> On Mar 11, 12:48 pm, -cnrc.gc.ca (Walter Roberson)
    > wrote:
    >
    >
    >
    > > In article <>,

    >
    > > jk <> wrote:
    > > >I need to get information about a given function signature on the
    > > >fly. Parameter quantity, order and type is sufficient. I've been
    > > >searching around, but I can't come up with any info. Any ideas?
    > > >Assembly solutions are welcome. Thanks. --korney

    >
    > > There is no C standard mechanism to do that -- C makes no requirements
    > > that any of that information be recorded in a program-accessible
    > > means. It is not uncommon for C linkers to throw away all that
    > > kind of symbol table information except for public function
    > > definitions (e.g., symbols that the developer specifically marks
    > > as "exported" or equivilent in whatever library development toolset
    > > is in use.)

    >
    > > I seem to recall that gcc provides some mechanisms along these lines.

    >
    > > I suggest that you ask in a newsgroup that is more specific to
    > > your development environment.
    > > --
    > > "Beware of bugs in the above code; I have only proved it correct,
    > > not tried it." -- Donald Knuth

    >
    > I need something general enough to be cross-platform/cross-compiler.
    > If all relevant data is thrown away, how is it that statically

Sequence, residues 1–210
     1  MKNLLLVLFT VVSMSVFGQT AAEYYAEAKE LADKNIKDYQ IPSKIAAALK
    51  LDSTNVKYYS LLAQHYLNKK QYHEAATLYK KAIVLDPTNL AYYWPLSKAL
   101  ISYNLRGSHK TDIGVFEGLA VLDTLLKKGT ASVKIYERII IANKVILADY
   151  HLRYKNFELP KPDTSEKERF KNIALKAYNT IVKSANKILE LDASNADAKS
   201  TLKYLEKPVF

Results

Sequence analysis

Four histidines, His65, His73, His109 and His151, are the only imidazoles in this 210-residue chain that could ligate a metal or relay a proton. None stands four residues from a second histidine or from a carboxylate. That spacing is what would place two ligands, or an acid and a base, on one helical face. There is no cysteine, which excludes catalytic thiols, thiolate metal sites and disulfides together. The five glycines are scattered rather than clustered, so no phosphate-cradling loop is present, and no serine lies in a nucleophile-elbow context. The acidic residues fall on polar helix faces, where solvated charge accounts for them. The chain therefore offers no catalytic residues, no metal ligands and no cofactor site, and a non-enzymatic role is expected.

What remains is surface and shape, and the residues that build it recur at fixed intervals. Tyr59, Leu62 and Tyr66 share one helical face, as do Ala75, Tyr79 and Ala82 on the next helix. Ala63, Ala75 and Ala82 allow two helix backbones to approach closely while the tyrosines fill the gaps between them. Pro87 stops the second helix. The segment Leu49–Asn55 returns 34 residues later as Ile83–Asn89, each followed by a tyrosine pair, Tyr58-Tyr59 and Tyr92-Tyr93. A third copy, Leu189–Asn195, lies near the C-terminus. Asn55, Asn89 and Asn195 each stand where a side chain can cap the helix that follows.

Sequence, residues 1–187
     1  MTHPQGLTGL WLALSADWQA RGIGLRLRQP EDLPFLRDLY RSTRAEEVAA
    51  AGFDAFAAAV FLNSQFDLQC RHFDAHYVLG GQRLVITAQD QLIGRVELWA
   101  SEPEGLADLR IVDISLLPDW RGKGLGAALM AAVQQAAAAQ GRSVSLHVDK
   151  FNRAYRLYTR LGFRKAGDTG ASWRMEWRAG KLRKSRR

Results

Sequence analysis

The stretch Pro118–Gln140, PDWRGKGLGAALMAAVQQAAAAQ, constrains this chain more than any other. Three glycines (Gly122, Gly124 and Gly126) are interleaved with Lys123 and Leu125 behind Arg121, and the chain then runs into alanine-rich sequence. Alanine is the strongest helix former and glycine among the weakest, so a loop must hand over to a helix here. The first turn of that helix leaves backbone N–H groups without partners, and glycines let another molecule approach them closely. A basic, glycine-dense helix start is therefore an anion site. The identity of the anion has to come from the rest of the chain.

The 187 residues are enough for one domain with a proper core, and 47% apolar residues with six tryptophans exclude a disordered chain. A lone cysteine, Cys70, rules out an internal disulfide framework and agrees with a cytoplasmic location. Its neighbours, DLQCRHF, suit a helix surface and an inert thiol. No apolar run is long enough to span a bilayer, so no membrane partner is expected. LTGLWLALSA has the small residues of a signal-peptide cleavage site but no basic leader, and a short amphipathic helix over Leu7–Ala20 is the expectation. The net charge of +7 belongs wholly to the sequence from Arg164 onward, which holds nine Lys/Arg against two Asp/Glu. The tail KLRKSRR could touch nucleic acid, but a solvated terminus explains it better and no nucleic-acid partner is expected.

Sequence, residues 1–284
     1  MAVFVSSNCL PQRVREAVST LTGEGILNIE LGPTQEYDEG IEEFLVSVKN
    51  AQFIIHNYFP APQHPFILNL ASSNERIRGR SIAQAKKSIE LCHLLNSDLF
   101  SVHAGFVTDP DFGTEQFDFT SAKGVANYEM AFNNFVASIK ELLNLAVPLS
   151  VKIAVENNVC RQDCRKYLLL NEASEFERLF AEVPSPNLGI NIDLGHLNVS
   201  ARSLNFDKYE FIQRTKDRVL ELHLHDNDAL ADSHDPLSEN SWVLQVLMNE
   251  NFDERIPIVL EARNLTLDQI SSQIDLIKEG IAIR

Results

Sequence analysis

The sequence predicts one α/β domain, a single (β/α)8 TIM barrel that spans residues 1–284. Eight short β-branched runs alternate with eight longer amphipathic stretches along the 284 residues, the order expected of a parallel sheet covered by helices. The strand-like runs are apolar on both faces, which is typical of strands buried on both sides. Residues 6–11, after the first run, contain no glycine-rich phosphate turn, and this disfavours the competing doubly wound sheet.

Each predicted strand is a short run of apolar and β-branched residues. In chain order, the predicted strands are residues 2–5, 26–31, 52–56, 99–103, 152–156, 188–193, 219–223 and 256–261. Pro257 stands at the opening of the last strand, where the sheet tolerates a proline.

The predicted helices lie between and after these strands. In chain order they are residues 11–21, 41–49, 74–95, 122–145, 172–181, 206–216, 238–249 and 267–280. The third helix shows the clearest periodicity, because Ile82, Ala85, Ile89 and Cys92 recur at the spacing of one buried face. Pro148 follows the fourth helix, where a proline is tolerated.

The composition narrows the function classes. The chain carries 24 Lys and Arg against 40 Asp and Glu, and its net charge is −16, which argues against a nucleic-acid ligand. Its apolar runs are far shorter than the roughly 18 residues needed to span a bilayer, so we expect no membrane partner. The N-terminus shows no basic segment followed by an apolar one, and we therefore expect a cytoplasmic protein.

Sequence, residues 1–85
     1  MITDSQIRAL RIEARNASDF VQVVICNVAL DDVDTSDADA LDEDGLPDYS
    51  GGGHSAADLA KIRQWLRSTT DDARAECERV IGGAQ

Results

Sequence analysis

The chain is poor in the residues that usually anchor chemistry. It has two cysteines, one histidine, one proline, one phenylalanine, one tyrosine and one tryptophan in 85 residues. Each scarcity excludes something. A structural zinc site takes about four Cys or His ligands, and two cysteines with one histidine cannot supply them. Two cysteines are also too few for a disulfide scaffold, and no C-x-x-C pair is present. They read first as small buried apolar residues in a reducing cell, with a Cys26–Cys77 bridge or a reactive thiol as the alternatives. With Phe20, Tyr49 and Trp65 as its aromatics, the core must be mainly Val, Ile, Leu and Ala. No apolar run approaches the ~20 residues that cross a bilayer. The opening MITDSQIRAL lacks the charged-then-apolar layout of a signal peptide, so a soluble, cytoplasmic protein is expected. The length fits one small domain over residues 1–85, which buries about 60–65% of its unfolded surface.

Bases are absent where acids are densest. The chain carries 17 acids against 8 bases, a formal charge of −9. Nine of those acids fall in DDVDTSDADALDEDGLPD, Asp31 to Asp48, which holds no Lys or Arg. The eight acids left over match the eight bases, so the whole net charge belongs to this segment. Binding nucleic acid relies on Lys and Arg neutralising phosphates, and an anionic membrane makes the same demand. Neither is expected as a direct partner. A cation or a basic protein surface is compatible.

> overridden functions are matched? Thanks.


    nm, I answered my own questions. Thanks.
     
    korney, Mar 11, 2008
    #5
  6. In article <>,
    korney <> wrote:
    >On Mar 11, 2:11 pm, korney <> wrote:
    >> On Mar 11, 12:48 pm, -cnrc.gc.ca (Walter Roberson)
    >> wrote:


    >> > In article <>,


    >> > jk <> wrote:
    >> > >I need to get information about a given function signature on the
    >> > >fly. Parameter quantity, order and type is sufficient.


    >> I need something general enough to be cross-platform/cross-compiler.
    >> If all relevant data is thrown away, how is it that statically
    >> overridden functions are matched? Thanks.


    >nm, I answered my own questions. Thanks.


    Unfortunately with what appears to be the wrong answer given your
    expressed constraints.

    C does not have statically overridden functions. It has
    static functions, which have scope to the end of the compilation
    unit. The method that the compiler uses to distinguish such functions
    in a debugger symbol table from other functions with the same name
    is implementation dependant (if there even -is- a debugger symbol
    table.) But there is no need to keep the signature of such functions
    at run time, or even at link time: static file scoped functions
    are local to the file in which they appear and so a code generator
    itself can fully link them without needing to record the details
    for intra-object linking purposes.

    You choose 'nm' as the mechanism to display local symbol information
    "cross-platform/cross-compiler". Unfortunately,

    http://www.opengroup.org/onlinepubs/009695399/utilities/nm.html

    DESCRIPTION

    This utility shall be provided on systems that support both the
    User Portability Utilities option and the Software Development
    Utilities option. On other systems it is optional.


    In practice, it is not uncommon for a vendor's nm to only work
    with the vendor's software development environment, and not to
    be able to pull local symbols out of (for example) gcc's debugging tables.

    [OT]
    For example SGI IRIX's nm works fully with ELF files, not with DWARF.
    Full DWARF symbols in IRIX requires using dwarfdump
    [/OT]

    I would not -expect- nm to work with Microsoft's development tools;
    though as I am not a user of said tools, I could hope to be pleasantly